The thing about ePortfolios is …

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ePortfolios come in all shapes and sizes, can be used for a multitude of purposes, provide users with opportunities to aggregate any social media they may be using and above all be constructed using a range of different technologies. These were some of the recurrent messages voiced by delegates and presenters at the 9th ePIC International ePortfolio & Identity Conference (, held in London on 11, 12 and 13 July. In attendance were educational practitioners, technologists and students from a wide range of backgrounds and countries. Among them were UoD tutors Judie Taylor and Rose Schofield, Judie’s student, Shevani Raichura, and me, Charlie Davis. We were in attendance to present a paper, ‘Safe Enough to Dare: developing student and tutor digital identities through engagement with e-Portfolios’, focusing on Judie and Rose’s recent experiences integrating ePortfolios into their respective courses. Shevani, who stole the show when recounting her experiences, not only participated in our presentation, but also took part in the opening keynote. This was alongside two other students, from Spain and the USA respectively, as well as ePortfolio luminaries such as Geoff Rebbeck (

Overall, the conference proved to be very useful, particularly when gaining new perspectives on how ePortfolios might be used to support learning and teaching. I have found that the subject of ePortfolios can be emotive in much the same way as Marmite can be. The biggest source of contention often seems to be whether they should be used solely for Personal Development Planning (PDP) purposes or as an assessment vehicle. Underpinning this particular disagreement seems to be the issue of ownership. Some feel that learners should own the ePortfolios outright and be encouraged to use them as part of their own personal and academic development, without being told to or coerced by tutors/teachers. Others feel that when used within an institution, both parties have a stake in how the ePortfolio is used as well as ownership of certain types of content, particularly when used for assessment purposes.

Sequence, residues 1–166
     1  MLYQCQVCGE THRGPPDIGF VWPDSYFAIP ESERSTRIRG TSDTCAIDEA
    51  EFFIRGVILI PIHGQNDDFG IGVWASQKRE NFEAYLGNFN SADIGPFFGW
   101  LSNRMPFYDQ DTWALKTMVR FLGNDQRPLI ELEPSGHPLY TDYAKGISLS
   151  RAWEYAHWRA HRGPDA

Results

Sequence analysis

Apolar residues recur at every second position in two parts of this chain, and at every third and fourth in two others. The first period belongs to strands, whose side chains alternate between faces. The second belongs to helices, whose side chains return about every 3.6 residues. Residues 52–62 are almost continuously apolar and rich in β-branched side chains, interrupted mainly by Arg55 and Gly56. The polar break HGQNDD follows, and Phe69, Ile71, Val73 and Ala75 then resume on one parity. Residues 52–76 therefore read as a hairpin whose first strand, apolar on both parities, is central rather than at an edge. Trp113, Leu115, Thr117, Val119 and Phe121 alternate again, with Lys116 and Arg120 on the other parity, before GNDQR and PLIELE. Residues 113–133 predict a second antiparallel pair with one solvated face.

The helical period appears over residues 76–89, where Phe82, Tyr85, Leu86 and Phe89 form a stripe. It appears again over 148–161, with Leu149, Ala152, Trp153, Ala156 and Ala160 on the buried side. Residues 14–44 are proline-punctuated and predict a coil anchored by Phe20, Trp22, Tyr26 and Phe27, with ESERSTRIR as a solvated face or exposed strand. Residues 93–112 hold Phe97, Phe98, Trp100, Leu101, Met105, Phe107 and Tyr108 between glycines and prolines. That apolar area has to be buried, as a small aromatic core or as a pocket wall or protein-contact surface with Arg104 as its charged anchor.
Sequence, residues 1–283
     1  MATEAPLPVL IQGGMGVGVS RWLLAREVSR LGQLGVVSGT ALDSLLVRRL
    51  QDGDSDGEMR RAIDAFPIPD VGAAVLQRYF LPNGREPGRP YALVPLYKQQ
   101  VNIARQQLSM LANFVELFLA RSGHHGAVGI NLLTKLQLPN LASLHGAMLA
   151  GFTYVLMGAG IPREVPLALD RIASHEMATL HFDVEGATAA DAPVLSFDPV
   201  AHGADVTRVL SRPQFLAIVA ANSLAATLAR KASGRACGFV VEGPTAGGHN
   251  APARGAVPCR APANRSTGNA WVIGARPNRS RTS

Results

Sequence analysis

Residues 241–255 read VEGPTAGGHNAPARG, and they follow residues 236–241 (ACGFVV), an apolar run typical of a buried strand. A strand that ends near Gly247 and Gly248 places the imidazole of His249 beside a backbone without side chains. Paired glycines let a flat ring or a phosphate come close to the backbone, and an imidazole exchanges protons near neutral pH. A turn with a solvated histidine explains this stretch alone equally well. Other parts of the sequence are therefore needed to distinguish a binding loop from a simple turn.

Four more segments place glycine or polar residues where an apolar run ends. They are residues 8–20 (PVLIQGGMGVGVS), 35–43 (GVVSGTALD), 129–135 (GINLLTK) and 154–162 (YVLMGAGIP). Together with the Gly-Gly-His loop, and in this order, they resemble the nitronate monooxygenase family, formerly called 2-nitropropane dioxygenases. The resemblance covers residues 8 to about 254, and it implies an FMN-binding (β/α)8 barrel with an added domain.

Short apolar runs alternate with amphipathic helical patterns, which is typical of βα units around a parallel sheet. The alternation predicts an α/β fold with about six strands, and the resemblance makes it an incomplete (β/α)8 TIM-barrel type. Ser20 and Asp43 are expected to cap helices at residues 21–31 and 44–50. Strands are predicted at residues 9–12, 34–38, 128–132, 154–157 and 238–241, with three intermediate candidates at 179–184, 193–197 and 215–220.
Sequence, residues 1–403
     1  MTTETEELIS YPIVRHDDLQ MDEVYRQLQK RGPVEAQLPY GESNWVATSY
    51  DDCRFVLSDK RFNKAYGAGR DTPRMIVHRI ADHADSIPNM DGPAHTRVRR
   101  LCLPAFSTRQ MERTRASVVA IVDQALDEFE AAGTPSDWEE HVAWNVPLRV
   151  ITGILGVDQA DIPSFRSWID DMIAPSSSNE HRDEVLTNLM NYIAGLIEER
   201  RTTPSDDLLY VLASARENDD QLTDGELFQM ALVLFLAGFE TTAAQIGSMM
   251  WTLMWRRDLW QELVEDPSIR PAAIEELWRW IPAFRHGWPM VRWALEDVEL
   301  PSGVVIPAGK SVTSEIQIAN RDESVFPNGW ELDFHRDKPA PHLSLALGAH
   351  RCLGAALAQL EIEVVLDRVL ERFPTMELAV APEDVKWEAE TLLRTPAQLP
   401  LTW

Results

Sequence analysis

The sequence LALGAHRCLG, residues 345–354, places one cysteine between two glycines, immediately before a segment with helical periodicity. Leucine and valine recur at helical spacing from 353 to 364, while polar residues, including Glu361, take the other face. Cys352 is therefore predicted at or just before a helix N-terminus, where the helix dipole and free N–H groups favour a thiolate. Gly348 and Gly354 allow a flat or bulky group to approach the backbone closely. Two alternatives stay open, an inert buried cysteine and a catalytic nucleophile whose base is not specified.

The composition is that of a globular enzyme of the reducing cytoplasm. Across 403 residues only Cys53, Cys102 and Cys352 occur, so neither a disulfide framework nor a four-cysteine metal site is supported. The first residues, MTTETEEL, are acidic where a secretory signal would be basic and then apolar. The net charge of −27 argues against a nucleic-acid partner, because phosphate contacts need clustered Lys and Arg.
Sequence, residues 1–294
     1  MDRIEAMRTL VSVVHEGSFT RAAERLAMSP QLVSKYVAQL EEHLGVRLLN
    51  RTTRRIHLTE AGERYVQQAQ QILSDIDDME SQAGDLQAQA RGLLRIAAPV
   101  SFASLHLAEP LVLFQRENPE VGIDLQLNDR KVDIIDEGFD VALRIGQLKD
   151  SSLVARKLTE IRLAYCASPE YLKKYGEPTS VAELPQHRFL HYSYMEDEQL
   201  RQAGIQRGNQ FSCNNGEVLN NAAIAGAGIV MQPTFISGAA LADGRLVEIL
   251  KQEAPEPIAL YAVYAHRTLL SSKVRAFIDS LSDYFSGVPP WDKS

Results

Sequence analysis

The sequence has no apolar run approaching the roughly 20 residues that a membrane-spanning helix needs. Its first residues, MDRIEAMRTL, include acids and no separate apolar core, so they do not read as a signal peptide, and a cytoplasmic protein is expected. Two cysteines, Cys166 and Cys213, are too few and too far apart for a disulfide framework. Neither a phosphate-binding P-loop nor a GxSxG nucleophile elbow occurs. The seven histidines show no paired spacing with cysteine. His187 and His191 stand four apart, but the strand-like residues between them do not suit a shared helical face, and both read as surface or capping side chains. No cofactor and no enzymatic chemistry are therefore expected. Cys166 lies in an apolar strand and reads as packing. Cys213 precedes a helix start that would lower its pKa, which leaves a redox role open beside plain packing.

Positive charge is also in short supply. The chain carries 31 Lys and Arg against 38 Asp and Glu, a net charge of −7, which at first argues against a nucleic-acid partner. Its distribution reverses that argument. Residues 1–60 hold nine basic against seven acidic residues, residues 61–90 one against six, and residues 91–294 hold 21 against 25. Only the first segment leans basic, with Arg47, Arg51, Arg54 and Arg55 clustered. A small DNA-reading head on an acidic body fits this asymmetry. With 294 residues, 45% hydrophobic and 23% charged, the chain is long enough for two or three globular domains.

As someone that has used ePortfolios for assessment and CPD purposes, I feel a mix of both approaches is necessary. This echoes the general consensus of those using ePortfolios with learners at the conference. In fact, quite a few argued that a carrot and/or stick approach is sometimes best, especially when encouraging primary engagement. Quite often, claims such as these raise more than a few heckles, but drawing on my own experiences, I have to agree. I used an ePortfolio, because not doing so would have resulted in me failing my MA and also losing out on valuable feedback from my tutor. I enjoyed using it and found it a useful way to support my studies. As a result of my initial use, I’ve seen the value of using ePortfolios to support collaborative activities with colleagues and for continued professional development (CPD) purposes. Looking back, I think it is highly unlikely that I would have used it had it not been part of the course requirements.